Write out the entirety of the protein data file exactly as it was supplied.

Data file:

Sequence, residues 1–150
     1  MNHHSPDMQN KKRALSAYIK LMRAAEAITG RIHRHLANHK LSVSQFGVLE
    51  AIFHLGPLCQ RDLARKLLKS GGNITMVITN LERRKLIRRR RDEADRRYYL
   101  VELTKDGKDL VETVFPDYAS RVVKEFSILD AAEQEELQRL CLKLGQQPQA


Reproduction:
Sequence, residues 1–150
     1  MNHHSPDMQN KKRALSAYIK LMRAAEAITG RIHRHLANHK LSVSQFGVLE
    51  AIFHLGPLCQ RDLARKLLKS GGNITMVITN LERRKLIRRR RDEADRRYYL
   101  VELTKDGKDL VETVFPDYAS RVVKEFSILD AAEQEELQRL CLKLGQQPQA